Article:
Son of a Bitch

Yeah, I mean, I don’t want to get too political. Every Tom, Dick, and Harry’s got their hot take on Donald Trump, so I want to keep things focussed on language: grammar, etymology, stuff like that. Hang on, let me just have a quick look at Twitter before I write… He’s said what!?…

On Friday, Donald Trump, somehow President of the United States, weighed in on the controversial issue of professional American-football players protesting against racial injustice and police inequality towards African Americans. He naturally employed all the gravitas and diplomacy one would expect of his office, and said the following:

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Roaming Charges

On Thursday 15th June 2017, roaming charges were abolished within the EU. And there was much rejoicing. Roaming charges were one of those things that for a long time I kind of just accepted. Living in Ireland, the rest of Europe usually felt far away enough that it seemed somehow appropriate that using my phone would be more expensive whenever I went there. But recently I drove for about 45 minutes from Belgium to the Netherlands, and suddenly it seemed entirely absurd that I had to pay a fortune (rather than nothing) for using data, just because I’d crossed a fairly arbitrary line. Why should it cost more in a different country? Was I inconveniencing the phone company in some way? Did they have to do more work to drag the data over the border and into my phone?

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You’re Welcome!

If you’re a generous person, you may have been saying you’re welcome a lot recently, to all those you’ve given gifts to. What do we mean when we say you’re welcome? It’s almost an afterthought: the most important information being conveyed in this part of the conversation is the thank you. Saying you’re welcome is really just wrapping a bow on the thanks, acknowledging the grateful receipt of it. When you think about the actual meaning of the words, they make the most sense if you consider someone thanking you for giving them something. What you’re saying then is that they’re welcome to whatever it is you gave to them, even if it’s something intangible like help. Even so, it still feels a bit redundant, because surely that could be taken for granted: you wouldn’t have given it to them if they weren’t welcome to it. Continue reading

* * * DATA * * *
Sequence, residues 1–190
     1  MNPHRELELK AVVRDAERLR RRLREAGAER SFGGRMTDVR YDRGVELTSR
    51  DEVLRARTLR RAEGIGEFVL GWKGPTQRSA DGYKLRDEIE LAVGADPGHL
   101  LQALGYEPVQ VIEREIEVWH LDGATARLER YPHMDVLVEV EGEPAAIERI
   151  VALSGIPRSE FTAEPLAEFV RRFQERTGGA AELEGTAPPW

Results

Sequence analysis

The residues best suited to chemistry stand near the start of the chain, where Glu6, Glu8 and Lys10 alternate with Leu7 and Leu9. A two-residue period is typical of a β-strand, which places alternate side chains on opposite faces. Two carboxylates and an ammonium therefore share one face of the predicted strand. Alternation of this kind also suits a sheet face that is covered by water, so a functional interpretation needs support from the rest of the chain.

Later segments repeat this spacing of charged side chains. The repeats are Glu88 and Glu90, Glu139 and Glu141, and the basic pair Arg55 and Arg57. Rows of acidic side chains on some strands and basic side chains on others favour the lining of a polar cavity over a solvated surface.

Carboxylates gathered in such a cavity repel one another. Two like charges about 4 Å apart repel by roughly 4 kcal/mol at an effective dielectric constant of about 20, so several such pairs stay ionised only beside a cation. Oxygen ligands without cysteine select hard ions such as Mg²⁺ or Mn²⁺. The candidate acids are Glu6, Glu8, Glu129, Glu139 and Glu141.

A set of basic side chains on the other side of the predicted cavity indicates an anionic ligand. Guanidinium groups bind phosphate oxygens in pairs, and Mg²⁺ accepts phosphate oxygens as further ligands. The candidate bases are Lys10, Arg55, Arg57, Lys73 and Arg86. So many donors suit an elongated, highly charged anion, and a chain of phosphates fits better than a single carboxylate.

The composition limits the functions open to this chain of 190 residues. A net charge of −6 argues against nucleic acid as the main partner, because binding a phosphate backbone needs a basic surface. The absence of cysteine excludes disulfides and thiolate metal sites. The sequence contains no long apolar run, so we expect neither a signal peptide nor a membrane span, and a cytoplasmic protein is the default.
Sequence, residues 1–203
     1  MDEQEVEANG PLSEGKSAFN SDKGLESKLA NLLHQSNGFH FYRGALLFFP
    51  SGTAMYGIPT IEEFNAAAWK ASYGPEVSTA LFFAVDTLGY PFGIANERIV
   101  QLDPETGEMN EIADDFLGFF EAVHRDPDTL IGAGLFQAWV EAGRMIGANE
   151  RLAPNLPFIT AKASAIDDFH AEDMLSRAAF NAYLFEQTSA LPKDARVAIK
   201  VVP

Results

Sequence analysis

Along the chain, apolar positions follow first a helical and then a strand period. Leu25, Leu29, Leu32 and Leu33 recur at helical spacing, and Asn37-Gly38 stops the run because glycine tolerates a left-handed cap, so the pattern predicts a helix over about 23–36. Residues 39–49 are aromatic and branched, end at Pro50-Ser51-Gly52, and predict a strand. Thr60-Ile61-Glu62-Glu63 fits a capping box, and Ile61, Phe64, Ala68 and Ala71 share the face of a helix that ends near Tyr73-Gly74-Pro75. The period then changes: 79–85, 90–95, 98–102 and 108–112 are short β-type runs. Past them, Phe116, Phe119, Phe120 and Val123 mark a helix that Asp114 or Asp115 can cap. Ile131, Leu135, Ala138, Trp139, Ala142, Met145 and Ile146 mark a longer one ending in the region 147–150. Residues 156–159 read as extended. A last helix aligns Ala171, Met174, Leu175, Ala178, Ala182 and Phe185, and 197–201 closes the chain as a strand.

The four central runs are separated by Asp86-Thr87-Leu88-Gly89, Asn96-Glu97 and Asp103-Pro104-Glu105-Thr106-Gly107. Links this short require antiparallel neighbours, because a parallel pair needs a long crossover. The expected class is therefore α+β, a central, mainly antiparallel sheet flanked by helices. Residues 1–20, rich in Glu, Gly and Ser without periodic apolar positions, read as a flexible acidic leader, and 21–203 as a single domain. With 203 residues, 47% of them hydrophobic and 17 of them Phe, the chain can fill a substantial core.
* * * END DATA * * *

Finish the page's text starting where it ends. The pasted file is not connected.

Punctual to a Point

While thinking about the word punctuation today (which is the kind of thing I do), I considered how similar the word punctuality is to it. I wondered what the link could be. It seemed to me that the concept they share is exactitude. Punctuation allows one to be precise in their meaning in a sentence, and if one is extremely punctual, one allows arrive at the exact moment one should.

And unsurprisingly, both come from the same root word: punctus, the Latin word for point. Which makes a lot of sense. Punctuality, though is an interesting concept. Of course it’s a positive one that we value, overall. We hate if our friends are late when meeting up (if we’re normal).  But do we ever admire it? Like the person who never misses a day off work through sickness, are we really impressed by someone who’s never late? Or does it annoy us? Do we think they’re too perfect, too punctilious? I think is why punctuality is often invoked as a kind of back-handed compliment in that great bastion of reading-between-the-lines: the job reference. Continue reading

Sorry Seems to be the Easiest Word

Yesterday evening I bought myself some Hammerite Kurust rust converter (we all need a treat on a Friday). When the sales assistant forgot to give me my €1 change I instinctively said Sorry, could I get my change please?

Why did I say sorry? What did I do to him? It took him a few moments to open the till, but apart from that I didn’t inconvenience him that much. English can be quite polite at times, but it does seem a little bizarre that our first instinct is to apologise  in a lot of situations. Continue reading